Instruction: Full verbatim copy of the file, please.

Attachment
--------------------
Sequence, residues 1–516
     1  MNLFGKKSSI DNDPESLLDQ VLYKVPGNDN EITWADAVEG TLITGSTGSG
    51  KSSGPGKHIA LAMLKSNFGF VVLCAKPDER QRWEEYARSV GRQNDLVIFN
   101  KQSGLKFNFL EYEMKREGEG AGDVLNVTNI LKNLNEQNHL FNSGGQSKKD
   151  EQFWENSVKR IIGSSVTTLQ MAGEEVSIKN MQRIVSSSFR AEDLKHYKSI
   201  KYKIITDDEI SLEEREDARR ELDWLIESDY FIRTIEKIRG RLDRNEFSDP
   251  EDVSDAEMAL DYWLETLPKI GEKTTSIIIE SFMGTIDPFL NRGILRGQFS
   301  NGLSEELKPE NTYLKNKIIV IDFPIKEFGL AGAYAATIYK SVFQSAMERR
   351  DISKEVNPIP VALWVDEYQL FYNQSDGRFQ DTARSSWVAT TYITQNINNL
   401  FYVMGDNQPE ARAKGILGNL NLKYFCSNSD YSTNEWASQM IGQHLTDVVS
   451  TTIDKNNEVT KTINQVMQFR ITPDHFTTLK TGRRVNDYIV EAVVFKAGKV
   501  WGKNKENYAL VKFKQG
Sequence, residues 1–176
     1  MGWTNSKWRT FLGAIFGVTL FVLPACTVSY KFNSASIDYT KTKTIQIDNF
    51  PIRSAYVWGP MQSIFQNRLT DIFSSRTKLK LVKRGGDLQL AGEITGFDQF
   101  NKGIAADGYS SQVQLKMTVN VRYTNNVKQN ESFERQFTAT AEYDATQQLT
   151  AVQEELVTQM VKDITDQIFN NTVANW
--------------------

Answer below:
Sequence, residues 1–516
     1  MNLFGKKSSI DNDPESLLDQ VLYKVPGNDN EITWADAVEG TLITGSTGSG
    51  KSSGPGKHIA LAMLKSNFGF VVLCAKPDER QRWEEYARSV GRQNDLVIFN
   101  KQSGLKFNFL EYEMKREGEG AGDVLNVTNI LKNLNEQNHL FNSGGQSKKD
   151  EQFWENSVKR IIGSSVTTLQ MAGEEVSIKN MQRIVSSSFR AEDLKHYKSI
   201  KYKIITDDEI SLEEREDARR ELDWLIESDY FIRTIEKIRG RLDRNEFSDP
   251  EDVSDAEMAL DYWLETLPKI GEKTTSIIIE SFMGTIDPFL NRGILRGQFS
   301  NGLSEELKPE NTYLKNKIIV IDFPIKEFGL AGAYAATIYK SVFQSAMERR
   351  DISKEVNPIP VALWVDEYQL FYNQSDGRFQ DTARSSWVAT TYITQNINNL
   401  FYVMGDNQPE ARAKGILGNL NLKYFCSNSD YSTNEWASQM IGQHLTDVVS
   451  TTIDKNNEVT KTINQVMQFR ITPDHFTTLK TGRRVNDYIV EAVVFKAGKV
   501  WGKNKENYAL VKFKQG
Sequence, residues 1–176
     1  MGWTNSKWRT FLGAIFGVTL FVLPACTVSY KFNSASIDYT KTKTIQIDNF
    51  PIRSAYVWGP MQSIFQNRLT DIFSSRTKLK LVKRGGDLQL AGEITGFDQF
   101  NKGIAADGYS SQVQLKMTVN VRYTNNVKQN ESFERQFTAT AEYDATQQLT
   151  AVQEELVTQM VKDITDQIFN NTVANW